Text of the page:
One might as well continue to insist that chemical compounds be analyzed in terms of the four basic elements: earth, fire, air, and water.

We do not need a goal called “truth” any more than our digestive organs need a goal called health to set them to work.

The word “truth” can be used in a cautionary sense, as in “This belief is justified, but is it really true?”

A way that helps us cope with life.

Our loyalty to other human beings clinging together against the dark.
What we need is solidarity.

Changing how one sees the world means changing how one speaks about it.

Common sense is the watchword of those who unselfconsciously describe everything important in terms of the final vocabulary to which they and those around them are habituated.

The free exchange of ideas enabled by democracy formed through a process of deliberate mutual adjustments a certain coherence in belief.

“Human rights” is merely an expression we currently agree upon using to condemn or commend certain actions or beliefs.

Truth is how an all-knowing god would see and describe the world.

Facts are always infused with values, and values are always infused with facts.

“Good” is a value judgment.

If we cannot disentangle facts from norms and values, and norms and values are subjective, then the question becomes whether objective knowledge is possible at all.

Our norms and values merely reflect our interests.
We are all too easily swayed by claims that agree with what we already believe.
There are certainly moments when we say to ourselves, “I can’t believe I fell for that.”

Relativism (what counts as true depends entirely on one’s culture) is not a viable alternative to metaphysical realism (what counts as true is wholly independent of one’s culture).

An objective world out there that is independent of language and mind?

A statement can be true even when we are not in the least justified in accepting it as such.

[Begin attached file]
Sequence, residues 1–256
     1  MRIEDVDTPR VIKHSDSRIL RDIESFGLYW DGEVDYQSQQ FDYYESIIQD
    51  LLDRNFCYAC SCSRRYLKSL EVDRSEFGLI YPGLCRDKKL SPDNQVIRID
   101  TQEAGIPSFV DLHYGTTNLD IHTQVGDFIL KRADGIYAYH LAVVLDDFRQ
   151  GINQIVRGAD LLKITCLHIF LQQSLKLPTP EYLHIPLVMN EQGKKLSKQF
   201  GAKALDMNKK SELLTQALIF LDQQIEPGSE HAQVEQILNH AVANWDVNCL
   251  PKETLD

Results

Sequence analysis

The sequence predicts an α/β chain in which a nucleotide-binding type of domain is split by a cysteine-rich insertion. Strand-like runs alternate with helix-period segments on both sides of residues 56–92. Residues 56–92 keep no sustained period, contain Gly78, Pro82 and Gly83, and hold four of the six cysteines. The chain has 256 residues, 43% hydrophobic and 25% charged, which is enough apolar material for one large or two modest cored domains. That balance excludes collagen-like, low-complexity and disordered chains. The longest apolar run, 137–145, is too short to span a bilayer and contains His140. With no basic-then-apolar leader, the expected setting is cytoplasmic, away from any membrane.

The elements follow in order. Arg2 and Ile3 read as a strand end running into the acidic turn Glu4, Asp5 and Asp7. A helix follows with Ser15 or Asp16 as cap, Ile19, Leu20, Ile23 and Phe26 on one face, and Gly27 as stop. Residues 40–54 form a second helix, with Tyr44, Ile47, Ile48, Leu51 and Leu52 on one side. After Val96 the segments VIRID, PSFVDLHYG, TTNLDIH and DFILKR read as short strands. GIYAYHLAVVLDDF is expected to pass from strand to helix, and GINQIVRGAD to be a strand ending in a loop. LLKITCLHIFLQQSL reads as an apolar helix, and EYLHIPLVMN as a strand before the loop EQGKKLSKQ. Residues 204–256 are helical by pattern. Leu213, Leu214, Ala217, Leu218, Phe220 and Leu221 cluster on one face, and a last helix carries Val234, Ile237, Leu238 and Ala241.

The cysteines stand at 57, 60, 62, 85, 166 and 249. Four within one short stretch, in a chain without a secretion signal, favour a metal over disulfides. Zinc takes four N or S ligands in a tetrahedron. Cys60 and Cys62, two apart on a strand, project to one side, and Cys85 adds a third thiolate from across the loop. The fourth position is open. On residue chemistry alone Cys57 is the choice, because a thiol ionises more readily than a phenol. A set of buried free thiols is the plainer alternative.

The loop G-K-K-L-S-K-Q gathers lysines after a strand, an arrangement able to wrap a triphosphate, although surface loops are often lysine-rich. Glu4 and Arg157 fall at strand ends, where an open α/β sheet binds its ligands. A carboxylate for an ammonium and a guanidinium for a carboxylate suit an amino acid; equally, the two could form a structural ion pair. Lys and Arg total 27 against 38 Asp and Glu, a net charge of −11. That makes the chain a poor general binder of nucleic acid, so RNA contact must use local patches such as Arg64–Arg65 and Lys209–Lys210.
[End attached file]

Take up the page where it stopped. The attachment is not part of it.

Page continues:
The demise of metaphysical realism leaves us no choice but to also let go of the notion of truth.

To say that a statement or theory is true is nothing but a compliment paid to beliefs which we think so well-justified that for the moment further justification is not needed.
And it does not add anything.

Truth consists in representing something correctly.

We perceive the world through a veil of ideas.
The advance of physics caused properties such as colors to be located in the mind of the perceiver - rubies are not really red; that’s just how we see them.
What is presented to the mind when we have a sensory impression is not the object we are seeing, but a mental representation of that object.

Dreams and hallucinations shows us that we can see something even when there is nothing there.

We can make sense of our commonsense world only when we accept that many of the things we encounter are real and that many of our beliefs about them are true, while also recognizing that we can be wrong about any single one of them.

Foundationalists make a distinction between basic and derived beliefs.
Basic beliefs are not justified in terms of other beliefs but by the subject’s sensory experience, direct intuition, being self-justifying, etc.
All our other beliefs are then justified by deriving them from these basic beliefs.
For coherentists, in contrast, beliefs are justified by their being part of a coherent set of beliefs.

Relations among beliefs: justification is not merely a matter of what you believe, but also of why you believe it, which is in turn related to how you came to believe it.

The purpose of an analogy is heuristic - to suggest ideas, which then have to stand on their own feet.

In sham reasoning, the inquirer does not seek to discover how things truly are, no matter where the search will lead him, but seeks to support a proposition he is already deeply committed to.
The fake reasoner is driven by other considerations, such as a wish for promotion, money, fame - driven neither by a genuine desire for truth nor by a desire to show that certain cherished beliefs are true, but he is indifferent to truth.

In certain circumstances believing a falsehood may be more advantageous.

Truth is wholly independent of what anyone may think about it.

The young child playing by itself in the park is better off believing, wrongly, that all toadstools are poisonous than believing, rightly, that some of them taste really good.

The wide variety of ways in which groups of people defend their views reflects differences in background beliefs more than differences in standards of evidence.